messenger telegraph boys photo
Preston DeCosta , fifteen year old messenger #3 for Bellevue Messenger Service. I ran across him and took photos while he was carrying notes back and forth between a prostitute in jail and a pimp in the Red Light. He had read all the notes and knew all about the correspondence. He was a fine grained adolescent boy. Has been delivering message and drugs in the Red Light for 6 months and knows the ropes thoroughly. “A lot of these girls are my regular customers. I carry ’em messages and get ’em drinks, drugs, etc. Also go to the bank with money for ’em. If a fellow treats ’em right, they’ll call him by number and give him all their work. I got a box full of photos I took of these girls – some of ’em I took in their room.” Works until 11:00 P.M. Location: San Antonio, Texas.
messenger telegraph boys photo
Telegraph messenger boys. Group of Dime Messengers Service boys, 1228 H St., N.W., at the main office. The youngest boys are Eddie Tahoory (14 yrs. old) . Said to be a recent comer. Lives, 108 Fourth St., N.E., and Earle Griffith (15 yrs. old), 107 Fifteenth St., N.W., Washington, D.C. From a questionable home. Mother eloped with boarder. Took children with her. They said they never know when they were going to get home at night. Usually work one or more nights a week, and have worked until after midnight. They said last Christmas their office had a 9 yr. old boy running errands for them, and that he made a great deal of money from tips. They make about $7 a week and more, sometimes. Said “The office is not allowed to send us into the red light district, but we go when a call sends us. Not very often.” 1912
messenger telegraph boys photo
Fifteen year old delivery boy for Linders Drug Store, which is located on the edge of the Reservation, Griffin Street. The boy has just returned from a trip to these Houses. He works from 8 A.M. to 8 P.M. Location: Dallas, Texas.
messenger telegraph boys photo
Luther Wharton, drug store delivery boy, twelve years old. Works from 4:00 P.M. to midnight in Sommers Drug Store. I saw him working at midnight. He goes to school in the daytime, then works from four to twelve. Sundays half a day. Gets $5.00 a week. “I take medicines to the Red Light places several times a day. Yes I know some of the people there.” This is a pretty heavy burden, both physical and moral, to place on this adolescent boy. Location: San Antonio, Texas. 1913
messenger telegraph boys photo
For nine years this sixteen year old boy has been newsboy and messenger for drug stores and telegraph companies. He was recently brought before the Judge of the Juvenile Court for incorrigibility at home. Is now out on parole, and was working again for drug company when he got a job carrying grips in the Union Depot. He is on the job from 6:00 A.M. to 11:00 P.M. (seventeen hours a day) for seven days in the week. His mother and the judge think he uses cocaine, and yet they let him put in these long hours every day. He told me “There ain’t a house in ‘The Acre’ (Red Light) that I ain’t been in. At the drug store, all my deliveries were down there.” Says he makes from $15.00 to $18.00 a week. Eugene Dalton. Location: Fort Worth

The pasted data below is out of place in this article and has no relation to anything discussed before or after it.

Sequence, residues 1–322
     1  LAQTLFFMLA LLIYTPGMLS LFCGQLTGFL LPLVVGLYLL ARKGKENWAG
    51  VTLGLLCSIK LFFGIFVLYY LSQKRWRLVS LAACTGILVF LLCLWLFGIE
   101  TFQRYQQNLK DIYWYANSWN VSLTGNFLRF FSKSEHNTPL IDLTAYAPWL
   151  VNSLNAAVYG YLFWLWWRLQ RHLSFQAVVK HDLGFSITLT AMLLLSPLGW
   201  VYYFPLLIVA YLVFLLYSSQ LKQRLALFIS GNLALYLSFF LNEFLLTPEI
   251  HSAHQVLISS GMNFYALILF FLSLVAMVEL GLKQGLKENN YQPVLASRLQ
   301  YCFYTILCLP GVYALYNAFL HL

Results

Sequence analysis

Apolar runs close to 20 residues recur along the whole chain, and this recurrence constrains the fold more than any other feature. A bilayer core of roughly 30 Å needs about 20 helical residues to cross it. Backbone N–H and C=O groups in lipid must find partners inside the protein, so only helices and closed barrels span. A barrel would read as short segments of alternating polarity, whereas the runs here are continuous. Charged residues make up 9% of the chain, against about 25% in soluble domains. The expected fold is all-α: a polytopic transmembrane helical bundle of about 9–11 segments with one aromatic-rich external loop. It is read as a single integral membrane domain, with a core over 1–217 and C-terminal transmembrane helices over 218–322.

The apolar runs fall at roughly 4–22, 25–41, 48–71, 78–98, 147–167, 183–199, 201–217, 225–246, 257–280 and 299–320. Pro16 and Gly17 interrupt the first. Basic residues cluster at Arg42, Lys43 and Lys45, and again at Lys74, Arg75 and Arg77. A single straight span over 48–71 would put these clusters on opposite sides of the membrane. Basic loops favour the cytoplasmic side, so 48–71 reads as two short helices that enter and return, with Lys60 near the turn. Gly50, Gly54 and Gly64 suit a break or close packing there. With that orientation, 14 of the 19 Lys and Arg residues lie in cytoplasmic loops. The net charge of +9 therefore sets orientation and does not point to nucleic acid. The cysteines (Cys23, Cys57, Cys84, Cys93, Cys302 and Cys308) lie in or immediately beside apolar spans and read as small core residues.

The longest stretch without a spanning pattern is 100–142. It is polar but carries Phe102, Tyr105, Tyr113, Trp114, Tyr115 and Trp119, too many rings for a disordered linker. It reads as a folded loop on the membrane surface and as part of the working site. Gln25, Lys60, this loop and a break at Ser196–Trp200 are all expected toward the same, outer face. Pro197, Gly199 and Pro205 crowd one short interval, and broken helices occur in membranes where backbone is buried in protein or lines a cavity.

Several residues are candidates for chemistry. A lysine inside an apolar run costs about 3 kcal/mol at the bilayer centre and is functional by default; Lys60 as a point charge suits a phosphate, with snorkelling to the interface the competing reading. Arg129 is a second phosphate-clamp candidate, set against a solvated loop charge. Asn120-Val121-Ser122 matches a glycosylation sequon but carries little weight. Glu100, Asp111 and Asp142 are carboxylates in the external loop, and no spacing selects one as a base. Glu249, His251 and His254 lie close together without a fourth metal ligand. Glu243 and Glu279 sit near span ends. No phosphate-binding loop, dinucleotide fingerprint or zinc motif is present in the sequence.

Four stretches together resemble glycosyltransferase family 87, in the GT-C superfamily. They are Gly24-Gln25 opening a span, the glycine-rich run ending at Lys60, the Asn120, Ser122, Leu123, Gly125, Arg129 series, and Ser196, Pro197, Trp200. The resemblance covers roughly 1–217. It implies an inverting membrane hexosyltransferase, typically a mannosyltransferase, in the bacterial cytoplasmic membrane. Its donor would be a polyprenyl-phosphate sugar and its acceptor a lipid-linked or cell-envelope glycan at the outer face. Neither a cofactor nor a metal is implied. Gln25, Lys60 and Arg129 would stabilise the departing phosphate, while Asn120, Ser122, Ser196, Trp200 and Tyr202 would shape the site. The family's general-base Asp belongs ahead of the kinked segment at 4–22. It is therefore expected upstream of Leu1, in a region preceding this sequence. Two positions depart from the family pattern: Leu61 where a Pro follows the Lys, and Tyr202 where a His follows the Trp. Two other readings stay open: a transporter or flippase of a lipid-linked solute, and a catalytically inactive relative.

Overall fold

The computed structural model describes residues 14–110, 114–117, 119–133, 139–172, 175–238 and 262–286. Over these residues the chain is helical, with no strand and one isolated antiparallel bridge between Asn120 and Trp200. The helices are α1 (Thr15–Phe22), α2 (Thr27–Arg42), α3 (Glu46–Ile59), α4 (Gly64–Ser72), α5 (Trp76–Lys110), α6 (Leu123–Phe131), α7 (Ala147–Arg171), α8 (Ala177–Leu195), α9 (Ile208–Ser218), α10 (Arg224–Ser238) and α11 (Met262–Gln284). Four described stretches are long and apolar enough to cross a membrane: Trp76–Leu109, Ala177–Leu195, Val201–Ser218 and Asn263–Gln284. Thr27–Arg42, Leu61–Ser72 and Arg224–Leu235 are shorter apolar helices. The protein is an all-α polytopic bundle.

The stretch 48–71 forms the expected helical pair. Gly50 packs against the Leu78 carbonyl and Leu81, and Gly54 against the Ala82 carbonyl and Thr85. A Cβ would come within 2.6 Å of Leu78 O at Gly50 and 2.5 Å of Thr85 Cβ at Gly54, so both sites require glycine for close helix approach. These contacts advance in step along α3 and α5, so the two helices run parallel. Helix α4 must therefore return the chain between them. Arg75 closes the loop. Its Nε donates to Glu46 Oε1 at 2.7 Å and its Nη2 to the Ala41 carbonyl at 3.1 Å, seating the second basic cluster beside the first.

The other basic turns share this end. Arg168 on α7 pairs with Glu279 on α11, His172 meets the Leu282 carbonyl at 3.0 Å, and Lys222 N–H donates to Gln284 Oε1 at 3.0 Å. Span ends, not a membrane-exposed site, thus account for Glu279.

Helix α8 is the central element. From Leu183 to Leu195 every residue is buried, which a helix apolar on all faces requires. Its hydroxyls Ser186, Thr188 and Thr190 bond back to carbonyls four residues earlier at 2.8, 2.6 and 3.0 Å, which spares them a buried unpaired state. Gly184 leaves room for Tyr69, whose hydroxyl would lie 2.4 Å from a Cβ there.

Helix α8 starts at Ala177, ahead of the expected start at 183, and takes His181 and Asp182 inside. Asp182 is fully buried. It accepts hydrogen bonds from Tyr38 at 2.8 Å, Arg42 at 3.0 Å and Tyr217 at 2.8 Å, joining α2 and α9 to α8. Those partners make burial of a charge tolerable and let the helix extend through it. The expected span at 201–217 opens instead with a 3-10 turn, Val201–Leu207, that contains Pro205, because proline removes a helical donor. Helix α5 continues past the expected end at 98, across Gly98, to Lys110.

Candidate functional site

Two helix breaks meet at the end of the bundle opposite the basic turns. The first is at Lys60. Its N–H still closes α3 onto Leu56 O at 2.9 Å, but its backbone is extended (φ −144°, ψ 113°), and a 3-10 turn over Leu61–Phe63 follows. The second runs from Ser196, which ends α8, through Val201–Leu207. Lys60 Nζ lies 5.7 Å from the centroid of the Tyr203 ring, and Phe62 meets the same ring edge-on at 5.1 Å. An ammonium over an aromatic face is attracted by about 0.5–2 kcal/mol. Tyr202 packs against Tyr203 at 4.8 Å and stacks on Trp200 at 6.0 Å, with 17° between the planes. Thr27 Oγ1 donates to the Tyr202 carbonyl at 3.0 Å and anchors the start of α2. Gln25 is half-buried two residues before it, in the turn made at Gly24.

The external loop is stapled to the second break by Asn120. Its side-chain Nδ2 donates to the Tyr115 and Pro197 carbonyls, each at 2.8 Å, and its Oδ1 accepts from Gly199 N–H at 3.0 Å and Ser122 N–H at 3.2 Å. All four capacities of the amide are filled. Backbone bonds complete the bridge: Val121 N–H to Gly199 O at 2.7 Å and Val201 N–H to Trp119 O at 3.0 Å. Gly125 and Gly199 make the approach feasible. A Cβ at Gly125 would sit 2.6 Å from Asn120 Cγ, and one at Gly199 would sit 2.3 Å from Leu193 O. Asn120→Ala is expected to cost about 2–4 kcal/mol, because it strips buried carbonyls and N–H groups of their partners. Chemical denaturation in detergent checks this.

17 Old Photos of People Eating Ice Cream Pictures & Classic Ice Cream Truck

Farm boys eating ice-cream cones. Washington, Indiana

These old eating ice cream pictures and photos of the classic ice cream truck will have you smacking your lips!

The ice cream girl

Eating ice cream pictures, 1913

Eating German ice cream
Eating German ice cream, 1930
Ice cream social, Blackduck, Minnesota
Eating ice cream picture: Ice cream social, Blackduck, Minnesota, 1937
Fussell-Young Ice Cream Co., trucks
Classic ice cream truck, the Fussell-Young Ice Cream Co., trucks, 1921
Syracuse ice cream vendor, New York
Syracuse ice cream vendor, New York, 1941
Ice cream advertising near Berlin, Connecticut
Ice cream advertising near Berlin, Connecticut, 1939
Harvey Isaac’s Ice cream parlor & trolley station, Chapman Beach, Conn., 1910
Classic ice cream truck, the Reid Ice Cream Co. truck, probably in Washington, D.C., 1919
["Soda jerk" passing ice cream soda between two soda fountains
Eating ice cream pictures: Soda jerk” passing ice cream soda between two soda fountains, 1936

Washington, D.C. Good Humor ice cream truck
Classic ice cream truck, Washington, D.C. Good Humor truck, 1942
Semmes Motor Co. Fussel Ice Cream truck, [1926] En
Semmes Motor Co. Fussel Ice Cream truck, [1926]
Women selling ice cream to parade watchers, Cincinnati, Ohio, 1938
Women selling ice cream to parade watchers, Cincinnati, Ohio, 1938
Bethlehem-Fairfield shipyards, Baltimore, Maryland. A welder eating ice cream, 1943
Bethlehem-Fairfield shipyards, Baltimore, Maryland. A welder eating ice cream, 1943
Farm boys eating ice-cream cones. Washington, Indiana
Farm boys eating ice-cream cones. Washington, Indiana, 1941

Model of ice cream cone in front of candy store, Sun Prairie, Wisconsin
Model of ice cream cone in front of candy store, Sun Prairie, Wisconsin, 1937

Rare Vintage Pictures of Protesters